yellow sofa three green organic images on wall in white frames

Tinkz.Art – tonal, co-ordinated artwork

Frames are really important – and can end up costing as much as the some of the art you have bought. Think about the practical stuff: where you want to hang it? Does it need anti-reflecting glass? Or would it better in a spot where reflection isn’t an issue? Is it a standard size? I’d use professional framers where possible, the results are so much better. That said, if you buy inexpensive frames, create bespoke inserts for about £15-£20 and it will make a huge difference to the overall look.



Kasia Clarke, ‘Solace Forthcoming’


To be honest, there are aren’t really many rules. A lot of it comes down to personality. If you hate clutter, you’re more likely to hang your art with military precision – evenly spaced and symmetrical. If you’re a bit more go-with-the-flow, an eclectic gallery wall with a mix of frames and finishes will appeal.

That said, when it comes to mixing and matching frames, I would stick to a seasonal palette.  I wouldn’t put silver and gold together, but I think black, white and gold work, as do natural wood and gold,

When putting art in your room, try and keep to one tone.

If you’re grouping things, the odd number rule naturally feels right. It’s not necessarily hard and fast, but as a basic rule, it’s not a bad one to follow.

Use Command strips to hang everything. Heavier pieces will need holes and hooks putting into the wall, but for anything relatively light, you can use these. They’re brilliant.

For gallery walls, as a guide I’d say to start create a horizontal line keep the space within 30cm of the bottom and 40cm from the sides. Lay the frames on the floor and play with positions. Pinterest has lots of plans for you to follow.

If the artwork is big, make sure you have measured the spaces you will hang it.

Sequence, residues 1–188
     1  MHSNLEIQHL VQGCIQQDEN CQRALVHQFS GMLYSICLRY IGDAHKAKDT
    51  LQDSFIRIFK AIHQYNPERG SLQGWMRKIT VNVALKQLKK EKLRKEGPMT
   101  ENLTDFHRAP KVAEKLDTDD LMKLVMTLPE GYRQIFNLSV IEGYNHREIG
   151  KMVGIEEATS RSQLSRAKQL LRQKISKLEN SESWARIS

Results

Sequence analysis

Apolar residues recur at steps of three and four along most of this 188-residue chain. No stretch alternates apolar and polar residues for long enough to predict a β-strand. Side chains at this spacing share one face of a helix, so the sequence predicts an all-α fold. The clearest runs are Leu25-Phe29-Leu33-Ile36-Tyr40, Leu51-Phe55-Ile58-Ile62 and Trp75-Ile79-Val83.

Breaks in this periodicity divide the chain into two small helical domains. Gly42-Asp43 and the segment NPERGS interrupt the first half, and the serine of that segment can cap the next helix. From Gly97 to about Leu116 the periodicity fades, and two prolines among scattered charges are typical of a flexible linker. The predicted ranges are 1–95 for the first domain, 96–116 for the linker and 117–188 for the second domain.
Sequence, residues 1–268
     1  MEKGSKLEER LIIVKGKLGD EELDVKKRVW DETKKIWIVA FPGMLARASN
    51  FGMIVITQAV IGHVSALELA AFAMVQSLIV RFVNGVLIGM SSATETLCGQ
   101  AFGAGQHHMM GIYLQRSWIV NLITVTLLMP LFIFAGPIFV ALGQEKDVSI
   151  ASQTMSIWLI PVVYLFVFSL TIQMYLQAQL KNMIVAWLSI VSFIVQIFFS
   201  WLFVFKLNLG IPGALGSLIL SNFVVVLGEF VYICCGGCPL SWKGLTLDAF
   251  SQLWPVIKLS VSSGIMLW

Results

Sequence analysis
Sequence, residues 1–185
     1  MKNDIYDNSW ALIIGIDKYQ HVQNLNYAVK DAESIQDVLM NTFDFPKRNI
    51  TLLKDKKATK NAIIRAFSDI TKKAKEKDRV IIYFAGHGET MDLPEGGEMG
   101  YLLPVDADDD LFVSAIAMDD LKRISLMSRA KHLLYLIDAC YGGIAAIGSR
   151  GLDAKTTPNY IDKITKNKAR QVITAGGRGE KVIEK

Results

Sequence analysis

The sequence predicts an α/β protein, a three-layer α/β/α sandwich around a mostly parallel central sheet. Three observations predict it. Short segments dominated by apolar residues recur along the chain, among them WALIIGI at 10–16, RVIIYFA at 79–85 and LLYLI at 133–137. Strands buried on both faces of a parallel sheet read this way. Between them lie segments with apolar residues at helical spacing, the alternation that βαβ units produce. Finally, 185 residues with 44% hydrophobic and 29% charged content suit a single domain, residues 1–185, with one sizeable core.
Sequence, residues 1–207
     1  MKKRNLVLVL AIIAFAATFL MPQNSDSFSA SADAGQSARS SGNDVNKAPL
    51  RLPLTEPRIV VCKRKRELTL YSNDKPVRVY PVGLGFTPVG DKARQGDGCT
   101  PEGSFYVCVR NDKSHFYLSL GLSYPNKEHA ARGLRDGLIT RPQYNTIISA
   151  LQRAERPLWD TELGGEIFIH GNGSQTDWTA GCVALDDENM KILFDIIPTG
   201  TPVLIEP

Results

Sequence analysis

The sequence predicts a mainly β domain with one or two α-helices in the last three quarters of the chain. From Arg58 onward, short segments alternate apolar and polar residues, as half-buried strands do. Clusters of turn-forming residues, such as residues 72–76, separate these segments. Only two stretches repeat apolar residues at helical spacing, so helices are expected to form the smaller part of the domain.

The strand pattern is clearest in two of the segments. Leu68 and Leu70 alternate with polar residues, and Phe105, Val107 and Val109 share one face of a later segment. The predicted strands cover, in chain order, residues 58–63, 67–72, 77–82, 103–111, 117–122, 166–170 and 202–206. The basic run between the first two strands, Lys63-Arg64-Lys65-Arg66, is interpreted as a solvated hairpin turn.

It will always depend on your budget. But I am a huge fan of affordable art fairs like the Contemporary Art Fair. There’s a lot of original works that can be surprisingly affordable. So start there. This year, the Contemporary Art Fair includes live demonstrations by exhibiting artsits, as well as artist-led workshops run by Watts Gallery – Artists’ Village where visitors are welcome to try creating their own art. For children, there’s an Art Quest activity trail.

Etsy is another great source for inexpensive prints and posters as well as originals. Poster Lounger, King and McGaw,, Habitat and Rockett St George are all worth looking at and some of the sites you can refine your search by colour and style. So it can make the search a bit simpler if you are only looking for images that work tonally.

The Contemporary Art Fair, Esher, is on from Fri 13 – Sun 15 March. Buy tickets here

Find more ideas here

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1 comment on “The blagger’s guide to buying art”

  • Peter Graham March 3, 2020

    You missed out AppArt at Priorsfield School (this is just the venue, not the source of the artworks, which are professional and amateur), Godalming from 4 April – shame on you!